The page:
The long-awaited greenhouse will move from the shore of Lake Virginia to the roof of Bush Science Center, and it will open this summer as a part of the campus’ Lakeside renovation plan.
The cost of the greenhouse’s construction is estimated at $2 million.
Initially, the greenhouse was scheduled for inauguration in early May, but according to Jeremy Williamson, director of Facilities Services for Planning and Construction, it was moved to early July.
The greenhouse has been reduced in size from 2,700 feet to 2,500 feet, Williamson said.
Alan Chryst, greenhouse manager, expressed concern about not having enough space for every plant. However, it now appears that there will be enough space to move every plant to the greenhouse.
“Apparently we may be able to save all the plants,” Chryst said. “My supervisor has given permission to locate some of the plants that do not fit in the collection room to the research room, and move them around at their need.”
Scott Bitikofer, Vice President of Facilities Services, said, “The new greenhouse will be more student- and research-oriented. The greenhouse will have three different growth chambers with independent atmospheres that are adjustable for different experiments.”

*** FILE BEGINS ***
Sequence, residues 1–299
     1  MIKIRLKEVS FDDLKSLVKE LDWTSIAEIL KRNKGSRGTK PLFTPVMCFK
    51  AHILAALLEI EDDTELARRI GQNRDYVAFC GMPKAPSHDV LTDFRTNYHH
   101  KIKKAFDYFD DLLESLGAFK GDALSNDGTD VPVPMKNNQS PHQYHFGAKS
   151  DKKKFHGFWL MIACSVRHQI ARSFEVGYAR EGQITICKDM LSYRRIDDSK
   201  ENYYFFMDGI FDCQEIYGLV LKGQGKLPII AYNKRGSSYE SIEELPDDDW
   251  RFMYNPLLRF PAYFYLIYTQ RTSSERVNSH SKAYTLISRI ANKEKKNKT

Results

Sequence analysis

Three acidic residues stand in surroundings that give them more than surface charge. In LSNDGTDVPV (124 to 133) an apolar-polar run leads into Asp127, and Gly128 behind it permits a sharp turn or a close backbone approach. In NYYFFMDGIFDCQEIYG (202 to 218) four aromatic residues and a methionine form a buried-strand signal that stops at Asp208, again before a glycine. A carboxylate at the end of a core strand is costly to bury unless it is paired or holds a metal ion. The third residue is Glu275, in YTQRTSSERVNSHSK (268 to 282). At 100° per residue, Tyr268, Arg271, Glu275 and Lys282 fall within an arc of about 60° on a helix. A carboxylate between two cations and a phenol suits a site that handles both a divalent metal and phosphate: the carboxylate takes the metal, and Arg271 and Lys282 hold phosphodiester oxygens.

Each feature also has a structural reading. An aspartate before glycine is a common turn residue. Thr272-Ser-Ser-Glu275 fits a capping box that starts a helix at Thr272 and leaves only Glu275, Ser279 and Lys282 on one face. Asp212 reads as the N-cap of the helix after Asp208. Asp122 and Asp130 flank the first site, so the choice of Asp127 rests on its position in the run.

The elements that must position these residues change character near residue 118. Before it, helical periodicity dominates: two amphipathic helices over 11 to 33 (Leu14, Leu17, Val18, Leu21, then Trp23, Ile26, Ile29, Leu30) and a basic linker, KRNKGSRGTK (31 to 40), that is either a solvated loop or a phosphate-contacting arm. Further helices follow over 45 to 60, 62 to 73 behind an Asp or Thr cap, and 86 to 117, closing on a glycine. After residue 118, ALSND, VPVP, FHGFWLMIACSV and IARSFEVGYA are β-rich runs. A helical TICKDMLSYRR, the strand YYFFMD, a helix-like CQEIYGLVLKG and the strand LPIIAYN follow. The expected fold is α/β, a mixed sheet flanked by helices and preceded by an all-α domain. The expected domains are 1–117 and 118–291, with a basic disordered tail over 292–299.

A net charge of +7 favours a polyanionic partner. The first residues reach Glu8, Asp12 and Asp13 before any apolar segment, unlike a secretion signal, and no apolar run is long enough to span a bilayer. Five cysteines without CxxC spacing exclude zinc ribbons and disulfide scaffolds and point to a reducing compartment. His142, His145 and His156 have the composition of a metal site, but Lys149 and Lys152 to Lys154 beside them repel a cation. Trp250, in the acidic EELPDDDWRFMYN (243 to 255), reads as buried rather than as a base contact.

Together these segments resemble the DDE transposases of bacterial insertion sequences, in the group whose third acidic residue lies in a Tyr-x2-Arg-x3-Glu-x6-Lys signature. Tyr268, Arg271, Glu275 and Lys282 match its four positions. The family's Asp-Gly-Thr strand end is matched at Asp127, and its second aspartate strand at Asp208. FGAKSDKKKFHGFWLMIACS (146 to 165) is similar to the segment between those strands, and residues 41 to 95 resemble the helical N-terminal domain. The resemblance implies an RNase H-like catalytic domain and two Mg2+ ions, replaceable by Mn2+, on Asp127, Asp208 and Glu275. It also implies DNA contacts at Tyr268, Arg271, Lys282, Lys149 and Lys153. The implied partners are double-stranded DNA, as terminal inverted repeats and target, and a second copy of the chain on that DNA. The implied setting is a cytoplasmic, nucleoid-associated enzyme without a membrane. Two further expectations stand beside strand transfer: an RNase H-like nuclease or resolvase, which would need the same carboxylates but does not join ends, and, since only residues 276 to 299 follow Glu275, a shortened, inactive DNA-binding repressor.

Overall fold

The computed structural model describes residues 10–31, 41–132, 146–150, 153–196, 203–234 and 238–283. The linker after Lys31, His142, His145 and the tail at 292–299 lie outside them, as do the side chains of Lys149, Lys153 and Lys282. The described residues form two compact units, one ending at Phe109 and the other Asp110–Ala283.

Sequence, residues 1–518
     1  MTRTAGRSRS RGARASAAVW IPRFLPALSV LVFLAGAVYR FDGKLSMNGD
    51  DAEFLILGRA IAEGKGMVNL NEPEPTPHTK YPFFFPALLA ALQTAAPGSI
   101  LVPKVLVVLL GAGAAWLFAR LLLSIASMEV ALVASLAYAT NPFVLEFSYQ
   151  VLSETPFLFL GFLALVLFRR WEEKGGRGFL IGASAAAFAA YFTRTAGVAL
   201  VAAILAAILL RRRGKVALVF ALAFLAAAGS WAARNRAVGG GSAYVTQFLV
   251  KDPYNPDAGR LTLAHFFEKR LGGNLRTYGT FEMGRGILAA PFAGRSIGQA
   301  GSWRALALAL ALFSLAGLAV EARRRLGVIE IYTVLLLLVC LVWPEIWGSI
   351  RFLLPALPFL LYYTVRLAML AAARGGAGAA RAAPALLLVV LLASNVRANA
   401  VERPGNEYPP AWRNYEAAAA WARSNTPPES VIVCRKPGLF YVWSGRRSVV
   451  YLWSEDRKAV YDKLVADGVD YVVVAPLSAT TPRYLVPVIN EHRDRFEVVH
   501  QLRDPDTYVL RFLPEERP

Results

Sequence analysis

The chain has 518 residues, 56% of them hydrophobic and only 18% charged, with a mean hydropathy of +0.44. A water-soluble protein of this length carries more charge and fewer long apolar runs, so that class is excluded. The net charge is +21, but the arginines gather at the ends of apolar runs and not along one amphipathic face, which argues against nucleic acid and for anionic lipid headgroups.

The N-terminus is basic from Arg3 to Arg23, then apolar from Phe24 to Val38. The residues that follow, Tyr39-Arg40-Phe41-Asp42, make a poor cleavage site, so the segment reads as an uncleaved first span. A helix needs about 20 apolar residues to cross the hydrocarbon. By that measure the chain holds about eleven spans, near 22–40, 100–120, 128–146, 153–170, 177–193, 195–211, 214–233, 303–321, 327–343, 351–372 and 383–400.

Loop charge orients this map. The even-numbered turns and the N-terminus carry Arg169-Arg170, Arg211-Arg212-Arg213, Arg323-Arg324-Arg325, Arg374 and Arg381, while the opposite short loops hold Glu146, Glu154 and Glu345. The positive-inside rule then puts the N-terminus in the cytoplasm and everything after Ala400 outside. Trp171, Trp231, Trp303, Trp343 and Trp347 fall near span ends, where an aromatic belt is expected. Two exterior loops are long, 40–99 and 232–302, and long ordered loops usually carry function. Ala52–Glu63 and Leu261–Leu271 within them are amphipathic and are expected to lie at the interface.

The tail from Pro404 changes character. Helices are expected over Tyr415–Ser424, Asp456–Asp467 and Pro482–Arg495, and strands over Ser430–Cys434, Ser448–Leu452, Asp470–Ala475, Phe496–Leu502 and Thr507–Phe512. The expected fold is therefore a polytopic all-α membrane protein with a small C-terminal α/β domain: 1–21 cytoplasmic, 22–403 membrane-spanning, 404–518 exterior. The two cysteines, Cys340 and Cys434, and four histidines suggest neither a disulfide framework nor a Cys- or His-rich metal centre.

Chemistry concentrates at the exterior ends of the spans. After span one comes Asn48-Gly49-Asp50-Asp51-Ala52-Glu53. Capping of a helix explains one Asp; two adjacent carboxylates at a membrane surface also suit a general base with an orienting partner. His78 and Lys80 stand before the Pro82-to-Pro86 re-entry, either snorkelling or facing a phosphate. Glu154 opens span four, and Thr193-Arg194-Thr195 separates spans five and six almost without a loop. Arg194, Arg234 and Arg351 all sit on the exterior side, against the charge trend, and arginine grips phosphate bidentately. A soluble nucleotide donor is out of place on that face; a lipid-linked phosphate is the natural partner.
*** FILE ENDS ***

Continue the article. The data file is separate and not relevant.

According to Chryst, the new greenhouse will have state-of-the-art technology such as shading cloths to regulate sunlight intake. It will also have a manual and automated control panel to adjust temperatures and tailor the chambers’ environment to suit the needs of each experiment.
Additionally, Chryst said the new greenhouse will feature a reverse osmosis irrigation system. This system filters and recycles water to irrigate the nearly 500 plant species housed there.
The structure of the greenhouse will consist of glass and metal.
Although constructing the greenhouse on the roof has raised concerns about leaking, Bitikofer said that they are ready to “build accordingly to engage any issue.”
Paul Stephenson, associate professor and chair of the biology department, said the new greenhouse will only grant admission to students with R-cards, as well as faculty and staff.
“Since one has to access the Bush building in order to enter the greenhouse, it will be difficult for people who are not students to be able to visit,” he said. “The school is trying to make the Bush building more secure for everyone.”
Stephenson said that he is looking forward to the new location, as it will “add a new lab space for students and faculty, which is very nice because we have not had a space for plant research.”
Chryst said, “It is going to be a state-of-the-art facility, and a great enhancement to the Bush Science Center […] Current and future students will be reaping the benefits.”